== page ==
Ten hours of free entertainment.
(min cost $8)
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That's what is planned for the main event at the 2023 DREAM Festival.
More than three months of planning has gone into this year's DREAM Festival. And while events are on throughout the whole of September, the biggest will be the DREAM lanterns on Saturday, September 9.
Victoria Park will be a hub of entertainment from 12pm until 10pm.
Dubbo Regional Council events and partnership team leader Lana Willetts said the day would include roving performers, stage entertainment, market stalls and food vendors.
The entertainment on the main stage will be headlined by Orange musician Robbie Mortimer and Andy Nelson from Bathurst, but Ms Willetts said there would also be a mix of vocal orchestral and dance performances throughout the day and evening.
There will be a kids area, known as DREAMland, with inflatables, jumping castles and Barbie and Ken boxes, Pooka the Clown, and Punch and Judy performances.
Ms Willetts said one of the things she was most excited about was the Wiradjuri DREAMscape.
The DREAMscape has been curated by Dubbo's Shane Riley.
"It's an immersive experience, telling stories of local history and culture, " Ms Willetts said.
Mr Riley has been working with more than 100 students from three different schools across Dubbo to create the special experience.
The light projections in the DREAMscape will include 800 stories representing eight clan groups.
"There will be illuminated images, voices of local elders and Indigenous dancers which combined will tell stories of time past," Ms Willetts said.
This will be the first time the DREAM Festival has featured a locally-curated Indigenous instalment.
The lantern parade will be held at 7pm. It will start in the Macquarie Regional Library car park and go down Talbragar Street to Victoria Park.
The parade was cancelled in 2022 due to rain. But speaking at 2023 DREAM Festival launch earlier this year, Dubbo mayor Mathew Dickerson was confident it would be back.
"Barring a tsunami coming along from the Macquarie River, a pandemic, a mouse plague - it'll definitely be going ahead this year," he said.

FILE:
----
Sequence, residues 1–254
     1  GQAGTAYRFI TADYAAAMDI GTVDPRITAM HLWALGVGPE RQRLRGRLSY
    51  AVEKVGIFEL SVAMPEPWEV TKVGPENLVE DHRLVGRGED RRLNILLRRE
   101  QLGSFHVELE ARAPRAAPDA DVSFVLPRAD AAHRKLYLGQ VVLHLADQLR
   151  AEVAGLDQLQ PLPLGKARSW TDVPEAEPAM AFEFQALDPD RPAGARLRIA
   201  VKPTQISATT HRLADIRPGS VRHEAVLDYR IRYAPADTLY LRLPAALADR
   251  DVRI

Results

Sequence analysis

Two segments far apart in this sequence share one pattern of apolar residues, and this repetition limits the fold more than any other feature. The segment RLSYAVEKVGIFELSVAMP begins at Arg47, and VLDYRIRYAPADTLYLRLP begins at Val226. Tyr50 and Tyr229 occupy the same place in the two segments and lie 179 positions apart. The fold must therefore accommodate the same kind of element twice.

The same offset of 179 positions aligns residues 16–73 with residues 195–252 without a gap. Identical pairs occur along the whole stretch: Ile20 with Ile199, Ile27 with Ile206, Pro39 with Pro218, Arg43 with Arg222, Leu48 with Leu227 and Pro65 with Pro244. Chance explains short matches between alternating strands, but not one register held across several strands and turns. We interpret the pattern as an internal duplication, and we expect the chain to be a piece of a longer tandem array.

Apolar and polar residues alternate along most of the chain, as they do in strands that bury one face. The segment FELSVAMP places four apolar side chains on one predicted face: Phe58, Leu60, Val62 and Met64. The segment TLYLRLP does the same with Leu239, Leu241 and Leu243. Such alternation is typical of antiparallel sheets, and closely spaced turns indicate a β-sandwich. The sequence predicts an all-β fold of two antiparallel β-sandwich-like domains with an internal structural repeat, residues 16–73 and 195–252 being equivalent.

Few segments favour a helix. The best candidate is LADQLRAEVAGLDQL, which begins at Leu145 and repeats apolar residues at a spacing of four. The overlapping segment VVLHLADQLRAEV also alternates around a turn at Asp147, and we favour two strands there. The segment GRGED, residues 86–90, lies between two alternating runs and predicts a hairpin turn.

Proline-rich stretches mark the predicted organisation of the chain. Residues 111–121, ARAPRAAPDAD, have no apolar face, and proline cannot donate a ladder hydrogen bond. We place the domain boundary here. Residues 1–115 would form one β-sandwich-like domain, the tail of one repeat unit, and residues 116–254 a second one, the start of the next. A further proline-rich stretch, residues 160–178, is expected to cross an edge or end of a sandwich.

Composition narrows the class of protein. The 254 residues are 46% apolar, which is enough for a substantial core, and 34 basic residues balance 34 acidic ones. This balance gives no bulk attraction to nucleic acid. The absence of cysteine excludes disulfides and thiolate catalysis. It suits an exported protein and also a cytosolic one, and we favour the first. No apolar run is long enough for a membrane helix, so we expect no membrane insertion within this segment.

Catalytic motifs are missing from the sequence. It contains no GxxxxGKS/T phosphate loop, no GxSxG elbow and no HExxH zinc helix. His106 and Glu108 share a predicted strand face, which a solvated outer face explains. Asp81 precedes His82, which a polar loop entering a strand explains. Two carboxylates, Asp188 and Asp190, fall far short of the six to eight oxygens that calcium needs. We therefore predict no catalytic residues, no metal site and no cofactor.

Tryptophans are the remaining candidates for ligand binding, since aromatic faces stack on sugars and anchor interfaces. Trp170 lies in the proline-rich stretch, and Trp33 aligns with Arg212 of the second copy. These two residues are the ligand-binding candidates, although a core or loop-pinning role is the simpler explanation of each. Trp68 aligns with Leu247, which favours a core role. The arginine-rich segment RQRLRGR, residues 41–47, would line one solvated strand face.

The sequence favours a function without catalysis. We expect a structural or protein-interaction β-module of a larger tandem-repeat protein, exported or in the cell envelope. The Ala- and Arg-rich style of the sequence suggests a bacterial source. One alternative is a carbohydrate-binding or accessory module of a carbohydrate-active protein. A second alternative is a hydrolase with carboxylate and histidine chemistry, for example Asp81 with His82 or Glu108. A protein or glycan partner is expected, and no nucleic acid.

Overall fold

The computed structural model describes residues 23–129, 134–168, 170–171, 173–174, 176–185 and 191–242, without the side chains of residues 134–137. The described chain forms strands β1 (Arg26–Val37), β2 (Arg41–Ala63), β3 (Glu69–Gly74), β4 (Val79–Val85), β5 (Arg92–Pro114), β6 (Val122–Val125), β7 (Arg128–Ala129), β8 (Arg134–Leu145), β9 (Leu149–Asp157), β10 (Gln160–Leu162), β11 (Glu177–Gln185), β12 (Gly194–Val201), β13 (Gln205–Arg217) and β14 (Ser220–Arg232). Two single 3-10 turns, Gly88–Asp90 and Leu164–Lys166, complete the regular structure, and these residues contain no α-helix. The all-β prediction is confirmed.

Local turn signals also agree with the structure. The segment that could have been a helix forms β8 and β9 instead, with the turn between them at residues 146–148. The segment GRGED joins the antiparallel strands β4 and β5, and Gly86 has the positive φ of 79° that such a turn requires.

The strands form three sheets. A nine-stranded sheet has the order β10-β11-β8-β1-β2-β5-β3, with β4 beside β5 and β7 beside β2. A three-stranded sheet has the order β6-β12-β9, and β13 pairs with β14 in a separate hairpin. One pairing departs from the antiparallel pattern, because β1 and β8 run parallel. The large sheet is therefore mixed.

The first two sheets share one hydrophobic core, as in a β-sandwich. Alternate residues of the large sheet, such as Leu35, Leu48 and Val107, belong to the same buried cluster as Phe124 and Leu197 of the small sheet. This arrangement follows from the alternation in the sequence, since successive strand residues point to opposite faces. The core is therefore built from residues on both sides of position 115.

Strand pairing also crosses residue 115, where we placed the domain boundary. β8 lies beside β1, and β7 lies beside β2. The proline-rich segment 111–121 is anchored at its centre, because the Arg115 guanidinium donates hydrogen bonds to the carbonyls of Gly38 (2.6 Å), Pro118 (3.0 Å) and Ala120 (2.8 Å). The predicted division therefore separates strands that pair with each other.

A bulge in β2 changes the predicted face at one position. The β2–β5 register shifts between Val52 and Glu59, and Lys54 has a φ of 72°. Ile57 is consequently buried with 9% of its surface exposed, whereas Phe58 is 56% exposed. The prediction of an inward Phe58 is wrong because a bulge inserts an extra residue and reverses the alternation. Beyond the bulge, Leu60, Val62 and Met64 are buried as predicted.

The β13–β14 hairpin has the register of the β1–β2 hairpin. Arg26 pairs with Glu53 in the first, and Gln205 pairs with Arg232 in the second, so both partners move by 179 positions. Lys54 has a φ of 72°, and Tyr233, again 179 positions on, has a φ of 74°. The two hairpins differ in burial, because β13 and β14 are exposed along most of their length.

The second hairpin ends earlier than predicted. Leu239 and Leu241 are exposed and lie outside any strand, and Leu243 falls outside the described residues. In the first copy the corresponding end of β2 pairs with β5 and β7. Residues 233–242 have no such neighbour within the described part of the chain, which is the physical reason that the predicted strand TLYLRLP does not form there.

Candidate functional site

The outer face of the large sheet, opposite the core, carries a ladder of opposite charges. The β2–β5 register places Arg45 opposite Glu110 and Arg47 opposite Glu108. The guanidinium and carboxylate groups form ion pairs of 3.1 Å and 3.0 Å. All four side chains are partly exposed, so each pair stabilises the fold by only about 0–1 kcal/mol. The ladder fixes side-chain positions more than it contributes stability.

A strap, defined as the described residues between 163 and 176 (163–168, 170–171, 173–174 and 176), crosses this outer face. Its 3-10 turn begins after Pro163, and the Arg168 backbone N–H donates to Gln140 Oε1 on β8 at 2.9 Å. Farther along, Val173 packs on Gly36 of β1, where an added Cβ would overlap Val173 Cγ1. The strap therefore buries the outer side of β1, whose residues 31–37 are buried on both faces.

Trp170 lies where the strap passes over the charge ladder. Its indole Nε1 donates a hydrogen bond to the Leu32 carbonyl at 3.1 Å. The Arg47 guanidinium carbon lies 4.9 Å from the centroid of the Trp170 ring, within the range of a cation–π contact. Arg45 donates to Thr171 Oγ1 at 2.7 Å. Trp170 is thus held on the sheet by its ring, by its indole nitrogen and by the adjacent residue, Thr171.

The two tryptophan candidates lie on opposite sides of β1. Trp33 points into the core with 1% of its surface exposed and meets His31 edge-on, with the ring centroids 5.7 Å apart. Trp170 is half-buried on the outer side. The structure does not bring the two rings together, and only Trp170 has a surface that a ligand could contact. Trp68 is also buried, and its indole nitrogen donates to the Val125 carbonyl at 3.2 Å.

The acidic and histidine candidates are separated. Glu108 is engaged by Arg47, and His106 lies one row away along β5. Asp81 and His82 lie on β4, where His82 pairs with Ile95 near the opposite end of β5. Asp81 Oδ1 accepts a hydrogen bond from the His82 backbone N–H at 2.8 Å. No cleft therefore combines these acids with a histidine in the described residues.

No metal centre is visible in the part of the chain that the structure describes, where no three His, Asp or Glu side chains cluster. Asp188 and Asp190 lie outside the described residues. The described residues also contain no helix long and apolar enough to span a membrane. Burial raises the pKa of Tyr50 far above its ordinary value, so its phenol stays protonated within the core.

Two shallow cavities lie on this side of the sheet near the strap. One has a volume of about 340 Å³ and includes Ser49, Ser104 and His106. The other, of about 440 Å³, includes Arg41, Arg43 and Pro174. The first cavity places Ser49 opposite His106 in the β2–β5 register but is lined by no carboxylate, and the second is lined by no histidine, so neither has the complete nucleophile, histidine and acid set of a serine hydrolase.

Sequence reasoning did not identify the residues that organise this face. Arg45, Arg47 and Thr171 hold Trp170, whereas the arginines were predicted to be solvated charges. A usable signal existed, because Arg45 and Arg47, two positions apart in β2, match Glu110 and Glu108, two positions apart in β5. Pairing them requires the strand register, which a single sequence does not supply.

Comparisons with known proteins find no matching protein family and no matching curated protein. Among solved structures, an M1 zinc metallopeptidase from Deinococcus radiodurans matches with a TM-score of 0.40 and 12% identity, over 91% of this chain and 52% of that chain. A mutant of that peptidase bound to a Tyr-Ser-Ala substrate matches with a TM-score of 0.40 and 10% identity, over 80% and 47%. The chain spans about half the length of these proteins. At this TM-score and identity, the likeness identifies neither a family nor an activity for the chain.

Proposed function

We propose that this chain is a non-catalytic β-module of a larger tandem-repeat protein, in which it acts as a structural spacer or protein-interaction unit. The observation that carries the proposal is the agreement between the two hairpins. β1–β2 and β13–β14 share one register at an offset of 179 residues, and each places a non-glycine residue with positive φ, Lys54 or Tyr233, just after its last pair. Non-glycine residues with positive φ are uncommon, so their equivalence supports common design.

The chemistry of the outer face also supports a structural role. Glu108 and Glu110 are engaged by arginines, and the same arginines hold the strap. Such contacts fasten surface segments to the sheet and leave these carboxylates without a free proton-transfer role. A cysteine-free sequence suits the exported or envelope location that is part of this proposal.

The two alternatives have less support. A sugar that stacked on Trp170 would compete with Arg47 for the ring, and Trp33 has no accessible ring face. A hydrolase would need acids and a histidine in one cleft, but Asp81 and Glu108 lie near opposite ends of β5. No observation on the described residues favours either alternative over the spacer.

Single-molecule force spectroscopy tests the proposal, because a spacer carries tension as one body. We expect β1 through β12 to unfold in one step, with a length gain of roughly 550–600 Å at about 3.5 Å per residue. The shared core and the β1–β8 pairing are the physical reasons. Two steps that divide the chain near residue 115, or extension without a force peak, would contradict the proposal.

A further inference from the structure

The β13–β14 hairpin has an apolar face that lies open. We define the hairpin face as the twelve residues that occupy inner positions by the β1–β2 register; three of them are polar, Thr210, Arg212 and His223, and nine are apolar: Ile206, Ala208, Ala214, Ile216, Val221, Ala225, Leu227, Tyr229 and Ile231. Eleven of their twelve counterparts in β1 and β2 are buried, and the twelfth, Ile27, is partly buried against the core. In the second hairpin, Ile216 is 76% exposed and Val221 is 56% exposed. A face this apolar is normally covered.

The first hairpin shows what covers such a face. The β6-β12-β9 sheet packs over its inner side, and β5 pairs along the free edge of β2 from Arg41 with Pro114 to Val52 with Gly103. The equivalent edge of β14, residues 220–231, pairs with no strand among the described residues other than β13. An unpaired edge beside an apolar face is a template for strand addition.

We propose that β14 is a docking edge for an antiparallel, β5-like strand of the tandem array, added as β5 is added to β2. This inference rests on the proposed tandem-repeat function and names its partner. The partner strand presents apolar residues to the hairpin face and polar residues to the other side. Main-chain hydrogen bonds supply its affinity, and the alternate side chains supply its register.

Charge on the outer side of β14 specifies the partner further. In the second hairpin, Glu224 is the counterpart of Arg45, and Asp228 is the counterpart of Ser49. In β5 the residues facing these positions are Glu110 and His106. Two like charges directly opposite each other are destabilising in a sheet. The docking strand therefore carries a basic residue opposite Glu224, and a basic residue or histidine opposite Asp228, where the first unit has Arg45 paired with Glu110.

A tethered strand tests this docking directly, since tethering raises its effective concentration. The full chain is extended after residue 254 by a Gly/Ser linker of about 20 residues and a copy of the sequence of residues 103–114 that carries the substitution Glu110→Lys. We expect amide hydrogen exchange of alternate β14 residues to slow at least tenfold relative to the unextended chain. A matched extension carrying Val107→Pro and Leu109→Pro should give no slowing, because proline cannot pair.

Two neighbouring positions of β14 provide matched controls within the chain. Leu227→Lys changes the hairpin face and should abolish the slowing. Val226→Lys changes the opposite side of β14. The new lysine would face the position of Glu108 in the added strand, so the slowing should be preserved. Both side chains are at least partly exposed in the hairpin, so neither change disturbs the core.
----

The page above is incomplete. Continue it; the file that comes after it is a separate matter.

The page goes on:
Ms Willetts said there would be a "special surprise" leading this year's lantern parade.
Overall, she's hoping the festival brings joy to everyone who attends.
"The thing that will bring me the most joy will be seeing families enjoying the evening and the kids having fun, and seeing the smiles on people's faces. That's the reason why we do it," she said.
"Even though it's going to be cold, we hope people rug up and really enjoy the night."
This is the first time the full event has been able to go ahead since the COVID-19 pandemic.
"It is really great to see the DREAM Festival return to Dubbo after being on pause for three years due to the pandemic and flooding," Cr Dickerson said.
"The DREAM Festival has always been a popular staple on the Dubbo region events calendar and is a major draw-card for visitors to the region. With a huge program over the four-week long festival, it is estimated to inject $4 million dollars into the local economy," Cr Dickerson said.
In addition to the DREAM lanterns event, Zoocoustics was held on Saturday, September 2.
Hundreds of families gathered at Western Plains Taronga Zoo on Father's Day for an afternoon of live, original music featuring Elle Flanaghan, Harriet Fahey and Sy Allen.
A Glow Hard Fun Run and Silent Disco are planned for later in the month.
The Glow Hard Fun Run will be held on September 16 at 5.30pm. The glow-in-the-dark fun will be held at Jubilee Oval. The silent disco will take place at the Dubbo Rotunda on September 29.
Ms Willetts said three months of full-time planning had gone into making the event successful.
"This year has been produced and curated very carefully. We wanted to make sure there was something for everyone. And we're extremely proud of what we're able to present," she said.
The full program of events can be seen on the Dubbo DREAM Festival Facebook page, or via the website at dreamfest.com.au.
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